Exxon Mobil promotes investment indexing

Exxon Mobil has made a bold move in its new 401k savings plan for employees. The company has announced that it will jettison all actively managed mutual fund choices next year in favor of a roster of indexed mutual funds. The company’s public announcement of the change, along with communications to employees, echoes the findings of academic studies that show active investment management fails to beat an indexed strategy over time. “We’re really not trying to take away anything, but give Mobil employees a better deal because we believe the index funds, on average, will outperform active funds because of fees,” a company official told Pension & Investments, a trade publication.

Exxon and Mobil merged in 1999. Exxon’s employees were already offered indexed funds in their 401k, while Mobil’s employees had 10 actively managed stock and bond funds in their plan. All of those funds, including popular funds like the Jennison Equity Fund, MFS Emerging Growth, and Franklin U.S. Government Securities, will be dumped, the company announced. In their place the plan will offer indexed funds that follow the Standard & Poor’s 500 index, the Wilshire index of 5,000 stocks, an international stock index, and several bond indexes.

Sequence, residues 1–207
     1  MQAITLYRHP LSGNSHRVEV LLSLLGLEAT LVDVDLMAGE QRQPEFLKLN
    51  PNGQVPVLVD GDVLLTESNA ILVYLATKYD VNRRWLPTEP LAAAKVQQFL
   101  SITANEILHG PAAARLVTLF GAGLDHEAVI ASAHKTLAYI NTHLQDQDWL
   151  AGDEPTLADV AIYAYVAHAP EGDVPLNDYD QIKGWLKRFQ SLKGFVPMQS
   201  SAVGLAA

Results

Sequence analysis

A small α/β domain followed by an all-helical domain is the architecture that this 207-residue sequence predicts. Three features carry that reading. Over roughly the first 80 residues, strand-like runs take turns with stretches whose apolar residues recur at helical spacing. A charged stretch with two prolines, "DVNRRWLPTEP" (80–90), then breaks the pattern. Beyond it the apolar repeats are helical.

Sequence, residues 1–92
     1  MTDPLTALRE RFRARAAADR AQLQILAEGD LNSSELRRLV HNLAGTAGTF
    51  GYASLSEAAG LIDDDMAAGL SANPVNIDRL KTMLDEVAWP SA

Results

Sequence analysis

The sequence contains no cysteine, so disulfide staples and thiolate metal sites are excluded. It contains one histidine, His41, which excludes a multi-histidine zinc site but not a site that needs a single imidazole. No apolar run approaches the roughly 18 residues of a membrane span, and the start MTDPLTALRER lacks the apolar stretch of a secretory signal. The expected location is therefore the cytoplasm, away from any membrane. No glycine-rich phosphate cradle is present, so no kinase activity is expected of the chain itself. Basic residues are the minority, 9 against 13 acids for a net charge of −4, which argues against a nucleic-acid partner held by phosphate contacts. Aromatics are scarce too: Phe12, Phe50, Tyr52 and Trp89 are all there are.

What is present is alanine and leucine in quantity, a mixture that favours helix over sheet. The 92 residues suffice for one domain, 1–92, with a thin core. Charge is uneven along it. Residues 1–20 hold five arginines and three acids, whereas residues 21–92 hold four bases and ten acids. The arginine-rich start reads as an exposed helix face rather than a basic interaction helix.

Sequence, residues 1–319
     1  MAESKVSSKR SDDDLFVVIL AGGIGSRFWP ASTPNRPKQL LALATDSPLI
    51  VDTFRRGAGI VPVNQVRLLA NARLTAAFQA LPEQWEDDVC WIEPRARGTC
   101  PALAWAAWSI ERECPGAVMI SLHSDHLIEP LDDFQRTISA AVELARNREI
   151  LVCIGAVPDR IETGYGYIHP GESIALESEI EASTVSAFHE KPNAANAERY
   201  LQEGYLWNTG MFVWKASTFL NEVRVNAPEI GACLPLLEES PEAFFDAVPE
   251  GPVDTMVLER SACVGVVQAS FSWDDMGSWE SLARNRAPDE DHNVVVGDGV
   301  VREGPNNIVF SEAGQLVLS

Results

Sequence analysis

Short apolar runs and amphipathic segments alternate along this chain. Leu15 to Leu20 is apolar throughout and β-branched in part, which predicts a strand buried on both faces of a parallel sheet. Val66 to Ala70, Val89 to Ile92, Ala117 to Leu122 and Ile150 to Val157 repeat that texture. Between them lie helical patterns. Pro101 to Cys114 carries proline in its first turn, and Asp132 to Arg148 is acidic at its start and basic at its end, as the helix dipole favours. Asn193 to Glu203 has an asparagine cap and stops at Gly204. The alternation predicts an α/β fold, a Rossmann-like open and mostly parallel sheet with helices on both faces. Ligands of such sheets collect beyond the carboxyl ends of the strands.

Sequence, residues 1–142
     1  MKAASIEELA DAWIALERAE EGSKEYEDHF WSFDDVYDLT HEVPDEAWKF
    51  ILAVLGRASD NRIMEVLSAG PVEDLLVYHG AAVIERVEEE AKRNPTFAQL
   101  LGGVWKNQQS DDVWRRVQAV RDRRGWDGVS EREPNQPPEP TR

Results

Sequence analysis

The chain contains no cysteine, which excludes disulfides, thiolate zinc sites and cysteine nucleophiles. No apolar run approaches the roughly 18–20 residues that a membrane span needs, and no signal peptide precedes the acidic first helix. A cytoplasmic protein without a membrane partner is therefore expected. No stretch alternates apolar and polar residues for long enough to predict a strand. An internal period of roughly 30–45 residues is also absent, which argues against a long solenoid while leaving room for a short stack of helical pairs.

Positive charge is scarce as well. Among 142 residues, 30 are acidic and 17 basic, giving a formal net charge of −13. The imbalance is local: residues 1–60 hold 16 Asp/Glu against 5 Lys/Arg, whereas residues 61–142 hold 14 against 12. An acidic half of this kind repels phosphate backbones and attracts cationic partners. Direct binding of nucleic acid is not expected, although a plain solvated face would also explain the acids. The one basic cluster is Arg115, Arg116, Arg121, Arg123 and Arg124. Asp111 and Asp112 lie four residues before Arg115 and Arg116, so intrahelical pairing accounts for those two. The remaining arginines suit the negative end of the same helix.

The company told employees in a handout that it thinks indexed funds will offer lower cost and lower risk. “Even if active managers outperform the market in one year, there is no indication of what will happen in future years,” the employee communication said. The company gave special attention to the Jennison fund, a hot stock fund popular in 401k plans. Exxon Mobil’s employee communication said the fund merely matched the S&P 500 index over the last 10 years, while the S&P 500 had a lower risk level.

Although few 401k plans use only indexed funds, the approach is common among institutions. Exxon Mobil itself manages its corporate pension plan on an indexed basis.  The company had $2.2 billion indexed in the stock market last year. Academic studies have long argued that actively managed funds have a tough time beating—or even matching—the stock market due to high costs and market efficiency.